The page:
Fast forward to present (since I’m sure hearing about high school years and college years with my stuffy would either bore you or cause you to believe I have unresolved childhood issues)

Diabetes is everywhere – it can not be ignored. I recently learned of a ultra fantastic song written and performed by George Simmons that has a line that says “You scream so loud without a voice”. That is how I feel about diabetes all the time and since I have two kids with Type 1 I hear it in stereo. (you can purchase George’s song on iTunes btw)

Like I was saying diabetes is not ignorable – it is the elephant in the room. A great FB friend – another D-Mom that met via the CWD Forums wrote a beautiful story about the elephant in the room and I hope to share it but she is East Coast and I am central and it is 11:59pm here. Surely she is snug-as-a bug in bed and I don’t want to share it without permission. Thus – check back later tomorrow for the elephant story – until then…..
(Story is now added below)

Meet Elli

Becky’s Elephant Story – I read it a couple years ago and think of it a least once a week.
A little over 3 years ago an elephant moved into my living room.

” Oh no! What the heck is that?!?!? Is that an
elephant? What is it doing in my living room?! That doesn’t belong here! I want it out! My living room isn’t big enough for that thing. It’s making an awful mess!

What’s that? I have to take care of it? I don’t know the first thing about elephant care. No one in my family has an elephant in their living room.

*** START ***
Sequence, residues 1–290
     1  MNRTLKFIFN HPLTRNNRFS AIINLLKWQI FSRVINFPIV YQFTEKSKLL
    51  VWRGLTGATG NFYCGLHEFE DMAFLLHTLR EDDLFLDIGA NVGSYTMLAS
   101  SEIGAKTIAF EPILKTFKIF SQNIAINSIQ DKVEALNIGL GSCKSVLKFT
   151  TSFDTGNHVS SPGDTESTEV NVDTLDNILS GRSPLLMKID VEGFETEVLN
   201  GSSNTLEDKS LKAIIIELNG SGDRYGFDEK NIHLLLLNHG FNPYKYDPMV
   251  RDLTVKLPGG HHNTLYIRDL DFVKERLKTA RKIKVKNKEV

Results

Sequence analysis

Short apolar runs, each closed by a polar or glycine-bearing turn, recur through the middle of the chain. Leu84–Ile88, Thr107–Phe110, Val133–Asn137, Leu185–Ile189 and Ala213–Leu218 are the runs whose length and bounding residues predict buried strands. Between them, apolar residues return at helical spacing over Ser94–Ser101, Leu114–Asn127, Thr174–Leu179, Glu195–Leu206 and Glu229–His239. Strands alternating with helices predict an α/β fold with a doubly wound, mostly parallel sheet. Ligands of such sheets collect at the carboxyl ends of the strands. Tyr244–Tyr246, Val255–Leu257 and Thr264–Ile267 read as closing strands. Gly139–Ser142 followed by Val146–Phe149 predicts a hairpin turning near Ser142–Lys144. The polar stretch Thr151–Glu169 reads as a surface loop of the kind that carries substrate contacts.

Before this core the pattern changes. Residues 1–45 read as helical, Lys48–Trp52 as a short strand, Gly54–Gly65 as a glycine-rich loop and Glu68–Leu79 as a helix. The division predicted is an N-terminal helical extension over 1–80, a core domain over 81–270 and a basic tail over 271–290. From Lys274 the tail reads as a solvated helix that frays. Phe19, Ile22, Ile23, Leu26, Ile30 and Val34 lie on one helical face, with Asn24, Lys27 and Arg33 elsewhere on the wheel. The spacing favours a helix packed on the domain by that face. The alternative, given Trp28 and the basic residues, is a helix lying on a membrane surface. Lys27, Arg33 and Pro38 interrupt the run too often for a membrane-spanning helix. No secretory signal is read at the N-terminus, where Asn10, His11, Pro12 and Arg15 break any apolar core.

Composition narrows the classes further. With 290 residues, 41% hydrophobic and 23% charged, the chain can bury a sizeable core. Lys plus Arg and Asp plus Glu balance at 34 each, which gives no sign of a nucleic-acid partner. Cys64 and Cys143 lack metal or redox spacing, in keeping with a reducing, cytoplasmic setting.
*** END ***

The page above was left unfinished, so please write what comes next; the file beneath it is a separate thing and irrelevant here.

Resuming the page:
Ok, to be honest, I’m afraid of it, I don’t know if I can take care of it properly.

What if I screw it up? What if I fail?
Can I run away from it for awhile and think about things?

Oh, there are others with elephants in their living rooms too? So they would understand right? Even when others don’t.
And there are books on elephant
care? That’s good I like to read

Ok then all right, I’ll do my best to take good care of it. When will it leave?
What do you mean you don’t know?!

Ok so I have to take real good care of it and you don’t know when it will leave?

Dr Faustman? Who’s she? Will she be able to make it leave my living room?
Well at least someone’s working on that, that’s a comfort.


The elephant is still there in the living room. Most days it stays over in the corner, quiet, leaving us plenty of room to live our lives around it. Some days it will try to lumber out in the middle of the room and get in the way. I just give it some extra attention and then gently shove it back there where it belongs.

Elephant, I may have to accept your being in my living room but I don’t have to like it or you.

Just stay out of my kids way, they have lots of plans and dreams and you will never be allowed to get in the way of them.

One thought on “The Elephant In The Room